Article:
"Numbers Guy" Tom Farley
Philadelphia's Health Commissioner shares his perspective and plans with DornsifeSPH Magazine editor Linda Wright Moore
November 2, 2016
A native of Summit, N.J. and a self-described “numbers guy,” Tom Farley majored in mathematics at Haverford College and attended Tulane Medical School where he studied pediatrics. After a CDC training program in epidemiology, he was sold on public health: “We absolutely save more lives in public health than doctors seeing patients do,” he says. Farley worked for the Louisiana Department of Health and as a professor at Tulane for 24 years, then moved on to New York City, where he served as health commissioner under Mayor Michael Bloomberg from 2009 to 2014. He then spent a year writing a book “Saving Gotham: A Billionaire Mayor, Activist Doctors, and the Fight for 8 Million Lives.” Farley was named health commissioner by Philadelphia Mayor Jim Kenney in February 2016. He spoke with DornsifeSPH Magazine about his experiences and plans for improving health in the city.
The jacket blurb on your book says “‘Saving Gotham’ demonstrates how government – local government – can protect citizens and transform health for everyone.” Really?
TF:Yeah – it’s the story of how Mike Bloomberg came in and brought in Tom Frieden who was a very focused public health guy... When he came in, smoking rates in NYC had been about 21.5 percent for over a decade. By the time he left, they were about 15 percent. So you had a big decline in smoking rates and parallel with that there was a big increase in life expectancy: reduction in heart disease mortality and other things that related to smoking so it seemed like it worked. Other things were taking place at the time, but I do think the health department’s activities can take legitimate credit for a good chunk of the health gains that happened in a city of 8 million people.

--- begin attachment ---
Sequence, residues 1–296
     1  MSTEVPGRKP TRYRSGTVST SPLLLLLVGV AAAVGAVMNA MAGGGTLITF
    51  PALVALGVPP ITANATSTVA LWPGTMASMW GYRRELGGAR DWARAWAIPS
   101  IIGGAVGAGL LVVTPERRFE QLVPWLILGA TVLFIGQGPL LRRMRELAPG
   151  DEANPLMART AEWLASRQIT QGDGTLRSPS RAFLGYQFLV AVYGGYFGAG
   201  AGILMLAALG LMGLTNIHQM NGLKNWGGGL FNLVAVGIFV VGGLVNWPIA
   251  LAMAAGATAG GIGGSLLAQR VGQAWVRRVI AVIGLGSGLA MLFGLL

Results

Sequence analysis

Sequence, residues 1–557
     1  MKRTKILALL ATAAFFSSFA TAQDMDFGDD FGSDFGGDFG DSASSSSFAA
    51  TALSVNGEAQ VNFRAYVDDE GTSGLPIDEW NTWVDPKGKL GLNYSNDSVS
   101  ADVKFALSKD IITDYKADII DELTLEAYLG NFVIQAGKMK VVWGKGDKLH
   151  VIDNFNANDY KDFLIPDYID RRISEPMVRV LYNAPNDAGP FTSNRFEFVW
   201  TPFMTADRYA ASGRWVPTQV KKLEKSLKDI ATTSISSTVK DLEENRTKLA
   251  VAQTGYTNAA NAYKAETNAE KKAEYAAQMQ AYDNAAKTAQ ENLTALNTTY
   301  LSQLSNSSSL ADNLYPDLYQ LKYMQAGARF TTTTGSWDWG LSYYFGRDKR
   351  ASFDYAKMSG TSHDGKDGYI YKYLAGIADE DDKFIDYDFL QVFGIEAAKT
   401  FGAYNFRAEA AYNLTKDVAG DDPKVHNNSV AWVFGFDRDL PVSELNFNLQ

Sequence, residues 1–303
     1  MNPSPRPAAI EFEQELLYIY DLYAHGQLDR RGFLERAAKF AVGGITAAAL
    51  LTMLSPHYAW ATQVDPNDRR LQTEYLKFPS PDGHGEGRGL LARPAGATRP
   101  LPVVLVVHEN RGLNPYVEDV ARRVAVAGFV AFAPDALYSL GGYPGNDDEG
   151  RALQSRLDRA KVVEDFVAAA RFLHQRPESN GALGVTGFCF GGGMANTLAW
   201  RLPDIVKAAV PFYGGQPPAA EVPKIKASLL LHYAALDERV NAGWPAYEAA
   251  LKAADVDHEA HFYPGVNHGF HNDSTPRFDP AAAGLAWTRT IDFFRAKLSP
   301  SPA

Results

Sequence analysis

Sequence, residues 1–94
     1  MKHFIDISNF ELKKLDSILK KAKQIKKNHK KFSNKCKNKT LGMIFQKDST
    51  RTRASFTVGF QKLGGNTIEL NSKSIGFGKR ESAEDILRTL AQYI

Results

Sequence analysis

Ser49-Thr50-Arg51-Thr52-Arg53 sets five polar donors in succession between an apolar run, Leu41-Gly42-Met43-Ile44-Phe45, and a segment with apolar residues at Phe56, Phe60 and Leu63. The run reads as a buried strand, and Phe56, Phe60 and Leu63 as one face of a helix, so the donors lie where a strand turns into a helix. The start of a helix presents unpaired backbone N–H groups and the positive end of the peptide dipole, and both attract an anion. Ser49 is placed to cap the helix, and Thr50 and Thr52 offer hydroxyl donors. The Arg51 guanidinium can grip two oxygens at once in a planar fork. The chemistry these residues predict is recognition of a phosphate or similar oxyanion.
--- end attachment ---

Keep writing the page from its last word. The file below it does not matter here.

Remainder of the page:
So you’ve already done Gotham. Philly has always been the forgotten city [between DC and New York]. We boo Santa, we love cheesesteaks, and we’ve got a chip on our shoulder. Why are you here?
Philadelphia is a great city. I’ve always liked Philadelphia. And if you look at its health statistics, they’re the worst of any of the top ten cities. So to me, that’s an opportunity.
A few days after your June commencement address to the Dornsife School of Public Health Class of 2016, Philadelphia City Council passed a soda tax. Were you surprised?
By the time it finally passed we had enough signals that this was going to win, so I wasn’t surprised at the end. Overall, though, it was surprising, because the soda companies hate the idea of a soda tax. They knew that this would be precedent-setting. And so we knew they were going to spend millions to try to stop it – which they did. But the strategy, and the execution of that strategy to gather community support and focus that community support on the benefits of the program really worked.
One of the messages in your commencement remarks was to encourage new graduates to go forth and do big things... and to explain to the public what public health is.
In our society, medicine is really very dominant: When people think health, they think medical care and they raise their children hoping they’re going to grow up to be doctors. I want to change that narrative a little bit. I want people to recognize there’s this other field out there called public health, a different way of approaching health – a much more effective way and cost-effective way of saving lives. I want my son or daughter to grow up to be a public health person, I want the heroes on our television shows to be public health people, rather than surgeons.
What are your top priorities – your challenges – as you begin your work in Philadelphia?